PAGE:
22 Jun 2024  |   04:20am IST

Become a man of values, not only success

IBONIO D’SOUZA

Emperor Ashoka successfully waged the Kalinga war and annexed the kingdom of Kalinga to his empire. 

Alexander the Great is considered to be one of the greatest general of all times. And, Albert Einstein’s theory of relativity was the formula for making the atom bomb. However, despite the success achieved, neither Emperor Ashoka at the victory of the Kalinga war nor Albert Einstein on the success of seeing World War II end after the bombing of Nagasaki were happy.

Whether the scientists behind the making of the atom bomb had any sense of triumph at their achievement is hard to tell. Standing on the battle field, Ashoka pledged that he would never wage another war in his life time and converted to Buddhism, and Albert Einstein on his deathbed bemoaned that he had committed the biggest blunder of his life, to allow the finishing touches to the atom bomb. 

Emperor Alexander though designated as one of the greatest generals the world has seen, may have had similar pangs of conscience and remorse in spite of his valour and glorious conquests.

The question is then, what is success? For despite success, why did Emperor Ashoka, and Albert Einstein feel only despair and grief, and why is Alexander the Great and the scientists behind conceptualising the atom bomb really not considered great? 

The reason for Emperor Ashoka’s and Einstein’s grief and remorse was the fallout of the actions undertaken by them.

At the end of the war when Emperor Ashoka stood surveying the battle field, what did he see? He saw a battle field strewn with corpses of soldiers, children and women, and their kinsfolk grieving and wailing over the dead bodies of their loved ones. The gruesome sight filled Ashoka with such horror and remorse that he pledged standing there never to fight another war. 

While Alexander the Great despite his victories, lost ten thousand of his elite and loyal soldiers in battle and left behind a blazing trail of devastation.

And the fallout of dropping the atom bomb over Hiroshima and Nagasaki was stupendous, as it not only killed thousands of civilians, but also left thousands maimed and injured. 

The rain that followed immediately after the bombing was laden with radioactive particles and many of the survivors of the bombing succumbed to radiation exposure. There was also the fear that it would affect the future generations and those who had survived the bombing could be affected with diseases like leukaemia.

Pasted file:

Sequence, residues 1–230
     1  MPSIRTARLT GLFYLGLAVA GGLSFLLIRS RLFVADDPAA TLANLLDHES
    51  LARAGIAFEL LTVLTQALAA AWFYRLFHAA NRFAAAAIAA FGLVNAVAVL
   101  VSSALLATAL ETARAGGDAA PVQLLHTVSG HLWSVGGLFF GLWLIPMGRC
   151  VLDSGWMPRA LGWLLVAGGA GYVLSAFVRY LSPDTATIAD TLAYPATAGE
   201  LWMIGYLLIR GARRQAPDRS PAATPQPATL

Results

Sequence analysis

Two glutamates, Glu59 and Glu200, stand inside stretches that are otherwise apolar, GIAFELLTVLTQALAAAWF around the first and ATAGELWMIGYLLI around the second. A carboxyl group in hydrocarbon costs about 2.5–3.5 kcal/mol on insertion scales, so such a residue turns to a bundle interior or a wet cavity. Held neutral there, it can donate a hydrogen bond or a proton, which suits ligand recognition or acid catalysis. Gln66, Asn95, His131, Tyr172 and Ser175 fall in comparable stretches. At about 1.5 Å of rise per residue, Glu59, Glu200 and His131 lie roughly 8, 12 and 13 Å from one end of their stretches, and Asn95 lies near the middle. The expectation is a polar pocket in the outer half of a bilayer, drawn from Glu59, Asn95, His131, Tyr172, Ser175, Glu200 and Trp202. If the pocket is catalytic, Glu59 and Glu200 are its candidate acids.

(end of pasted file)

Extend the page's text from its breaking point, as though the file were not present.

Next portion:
Einstein himself said, “Try not to become a man of success but a man of value”. The despair and grief experienced by Emperor Ashoka and Albert Einstein at the time when they experienced personal success helps to sublimate them. The action they undertook was really their personal failure because their success contributed towards destruction of mankind instead of doing good for humanity.

Therefore, whether it is Jesus Christ preaching to his disciples or Krishna discoursing with Arjun in the Bhagwan Gita, the message is the same. We are here by God’s will. It is our duty only to act. Whatever work we do should be for the good and benefit of others. It should never be for our own personal success or gain. We should never bother about the result as that should be left to the Creator who has created us to decide. We must totally negate ourselves from our ego.

As Marcus Aurelius, Roman Emperor and philosopher, said, “Do not act as if thou will live ten thousand years. Death hangs over thee. While thou livest, while it is in thy power, be good. All things fade away, become the stuff of legend, and are soon buried in oblivion.” 

Jesus Christ too cautioned his disciples thus: “Remember those who are first in this world will be the last in my kingdom of God, and those who are the last will be the first. This is the eternal law. So stop trying to be the first”.


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